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I'm new to Perl and I have a problem when reading a file line by line. I started with a tutorial which suggested using a while loop. That worked fine, however I wanted to have an option to break out of the loop in case of an error. I know I can use the "last" keyword, but I don't like that very much, I would like to include it in the while loop's boolean expression so it is easier to see on what conditions it stops. So I did

$error=0;
while ( (!$error) && (<MYFILE>) ) {
print $_;
...    
}

Unfortunately, this doesn't work because $_ seems to contain a "uninitialized value". For some reason, when I change (!$error) to (!0), it works again. I would understand that it was not working had I used || because of lazy evaluation, but with && in this case both sides need to be evaluated so I don't understand why it doesn't initialize the line variable.

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6  
Learn the idioms of the language you are learning (any language) - and last is one of the idioms of Perl. –  Jonathan Leffler Aug 25 '10 at 14:33
1  
As I have stated in the question, I know about the last keyword. –  bufferUnderrun Aug 25 '10 at 14:48
1  
Okay then, learn to embrace the idioms of the language. –  Michael Carman Aug 25 '10 at 21:22

2 Answers 2

The magical assignment to $_ only occurs if there is nothing else in the loop:

while (<MYFILE>) {
    print $_;
    ...    
}

If you want the error test too - which is not recommended - then you need to do the assignment:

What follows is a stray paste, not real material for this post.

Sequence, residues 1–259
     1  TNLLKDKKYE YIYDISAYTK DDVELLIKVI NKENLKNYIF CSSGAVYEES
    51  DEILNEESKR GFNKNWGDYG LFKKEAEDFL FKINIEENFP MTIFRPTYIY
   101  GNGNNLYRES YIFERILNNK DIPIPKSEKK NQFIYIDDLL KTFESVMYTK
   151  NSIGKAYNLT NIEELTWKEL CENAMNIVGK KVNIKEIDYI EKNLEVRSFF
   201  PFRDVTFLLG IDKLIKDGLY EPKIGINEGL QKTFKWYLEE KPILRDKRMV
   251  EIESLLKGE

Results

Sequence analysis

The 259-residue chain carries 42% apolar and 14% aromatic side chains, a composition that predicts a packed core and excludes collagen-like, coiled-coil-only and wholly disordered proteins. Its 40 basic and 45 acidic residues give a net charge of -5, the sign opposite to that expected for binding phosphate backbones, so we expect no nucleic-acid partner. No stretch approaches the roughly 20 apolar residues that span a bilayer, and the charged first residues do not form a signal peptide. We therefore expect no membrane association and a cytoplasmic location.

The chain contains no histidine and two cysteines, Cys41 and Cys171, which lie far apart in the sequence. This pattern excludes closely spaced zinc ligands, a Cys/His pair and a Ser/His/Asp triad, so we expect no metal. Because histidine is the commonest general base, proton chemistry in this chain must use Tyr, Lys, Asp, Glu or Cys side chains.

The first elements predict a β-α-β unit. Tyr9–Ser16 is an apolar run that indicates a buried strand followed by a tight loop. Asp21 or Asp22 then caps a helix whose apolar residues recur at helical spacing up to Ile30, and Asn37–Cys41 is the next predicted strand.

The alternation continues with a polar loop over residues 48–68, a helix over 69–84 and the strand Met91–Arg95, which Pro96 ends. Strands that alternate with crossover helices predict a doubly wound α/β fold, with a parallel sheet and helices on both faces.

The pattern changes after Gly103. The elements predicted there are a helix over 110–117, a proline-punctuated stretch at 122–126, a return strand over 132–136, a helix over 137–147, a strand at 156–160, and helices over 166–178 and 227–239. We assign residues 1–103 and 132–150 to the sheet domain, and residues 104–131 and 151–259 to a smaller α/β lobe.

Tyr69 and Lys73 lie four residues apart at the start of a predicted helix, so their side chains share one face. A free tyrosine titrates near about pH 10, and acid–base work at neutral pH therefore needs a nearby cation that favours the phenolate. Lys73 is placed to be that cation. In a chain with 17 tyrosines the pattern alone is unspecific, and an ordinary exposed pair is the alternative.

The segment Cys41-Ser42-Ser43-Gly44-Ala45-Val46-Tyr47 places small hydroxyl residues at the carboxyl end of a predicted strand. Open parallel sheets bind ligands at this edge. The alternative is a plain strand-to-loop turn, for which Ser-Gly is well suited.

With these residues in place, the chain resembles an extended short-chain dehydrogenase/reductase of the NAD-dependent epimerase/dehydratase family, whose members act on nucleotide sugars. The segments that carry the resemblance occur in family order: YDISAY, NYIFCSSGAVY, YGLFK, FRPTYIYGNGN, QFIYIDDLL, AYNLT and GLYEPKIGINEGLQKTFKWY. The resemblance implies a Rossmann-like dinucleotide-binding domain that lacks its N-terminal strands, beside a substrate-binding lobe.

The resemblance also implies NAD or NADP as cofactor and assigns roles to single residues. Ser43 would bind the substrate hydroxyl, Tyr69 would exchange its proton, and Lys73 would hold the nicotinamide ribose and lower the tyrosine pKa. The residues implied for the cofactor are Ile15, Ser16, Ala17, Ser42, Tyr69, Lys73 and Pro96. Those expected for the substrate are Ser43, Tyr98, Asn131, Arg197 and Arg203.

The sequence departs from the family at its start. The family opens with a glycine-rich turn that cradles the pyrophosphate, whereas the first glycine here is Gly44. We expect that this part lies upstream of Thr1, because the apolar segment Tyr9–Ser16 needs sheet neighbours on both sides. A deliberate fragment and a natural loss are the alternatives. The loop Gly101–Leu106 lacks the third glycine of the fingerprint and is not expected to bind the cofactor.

my $error = 0;
while (!$error && ($_ = <MYFILE>)) {
    print;
    $error = 1 if m/quit/i;
}

Don't forget to add:

use warnings;
use strict;

The reason why the version with '!0' worked is probably because Perl optimizes and recognizes that '!0' is always true and removes it from the loop, leaving just the I/O operator, which then assigns to $_.

NB: it is far better to use idiomatic Perl and the last statement:

while (<MYFILE>) {
    print;
    last if m/quit/i;
}
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I believe you need to add a "defined" check on $_ in the while loop condition, otherwise a line in the file containing "0" will evaluate as false and end the loop. So, something like: while (!$error && defined ($_ = <MYFILE>)) { ... –  Matthew Wilson Aug 25 '10 at 14:46
    
Ok, thanks, I didn't know about the nature of the loop. I thought it would improve readability if all conditions for the loop are in one place. At university, I was taught GOTO and - to a lesser extend - break statements are evil, so I have always tried to avoid them. But I will use the version you suggested. –  bufferUnderrun Aug 25 '10 at 14:54
    
@Matthew: no, you don't need to do that. The line also contains a newline (to be removed by chomp when required). I suppose if a file ends with newline followed by 0 (and no trailing newline), then you might be correct - but that's not a standard text file. –  Jonathan Leffler Aug 25 '10 at 16:23
    
@Matthew Wilson: The defined check is done automatically. See perldoc.perl.org/perlop.html#I/O-Operators –  Michael Carman Aug 25 '10 at 21:30

First, as Jonathan points out you should always write languages idiomatically unless you have a very good reason and here you don't.

Your larger problem is misunderstanding the while loop. The automatic assignment of the result of the angle operator to $_ only occurs if it is the only thing in the while conditional test. If there are multiple items in the conditional test they are evaluated and then discarded (Programming Perl pp. 80-81 and I/O Operators at Perldoc).

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